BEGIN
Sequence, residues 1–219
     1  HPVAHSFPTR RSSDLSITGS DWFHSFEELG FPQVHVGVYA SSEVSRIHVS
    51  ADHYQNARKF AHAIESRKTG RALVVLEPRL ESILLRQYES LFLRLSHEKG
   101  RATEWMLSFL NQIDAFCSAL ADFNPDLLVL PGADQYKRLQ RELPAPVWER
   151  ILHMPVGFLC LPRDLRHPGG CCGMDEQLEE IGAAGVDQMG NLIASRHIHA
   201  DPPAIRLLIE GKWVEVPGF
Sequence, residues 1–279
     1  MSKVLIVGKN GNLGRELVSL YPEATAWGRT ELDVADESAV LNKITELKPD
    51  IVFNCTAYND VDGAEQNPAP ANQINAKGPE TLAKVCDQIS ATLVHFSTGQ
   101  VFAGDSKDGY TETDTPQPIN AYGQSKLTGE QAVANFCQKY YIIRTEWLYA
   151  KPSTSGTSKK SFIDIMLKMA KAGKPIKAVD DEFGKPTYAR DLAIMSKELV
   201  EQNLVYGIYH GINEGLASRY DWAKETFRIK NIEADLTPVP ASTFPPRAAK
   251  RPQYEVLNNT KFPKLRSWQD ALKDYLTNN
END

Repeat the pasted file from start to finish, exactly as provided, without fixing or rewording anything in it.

Sequence, residues 1–219
     1  HPVAHSFPTR RSSDLSITGS DWFHSFEELG FPQVHVGVYA SSEVSRIHVS
    51  ADHYQNARKF AHAIESRKTG RALVVLEPRL ESILLRQYES LFLRLSHEKG
   101  RATEWMLSFL NQIDAFCSAL ADFNPDLLVL PGADQYKRLQ RELPAPVWER
   151  ILHMPVGFLC LPRDLRHPGG CCGMDEQLEE IGAAGVDQMG NLIASRHIHA
   201  DPPAIRLLIE GKWVEVPGF
Sequence, residues 1–279
     1  MSKVLIVGKN GNLGRELVSL YPEATAWGRT ELDVADESAV LNKITELKPD
    51  IVFNCTAYND VDGAEQNPAP ANQINAKGPE TLAKVCDQIS ATLVHFSTGQ
   101  VFAGDSKDGY TETDTPQPIN AYGQSKLTGE QAVANFCQKY YIIRTEWLYA
   151  KPSTSGTSKK SFIDIMLKMA KAGKPIKAVD DEFGKPTYAR DLAIMSKELV
   201  EQNLVYGIYH GINEGLASRY DWAKETFRIK NIEADLTPVP ASTFPPRAAK
   251  RPQYEVLNNT KFPKLRSWQD ALKDYLTNN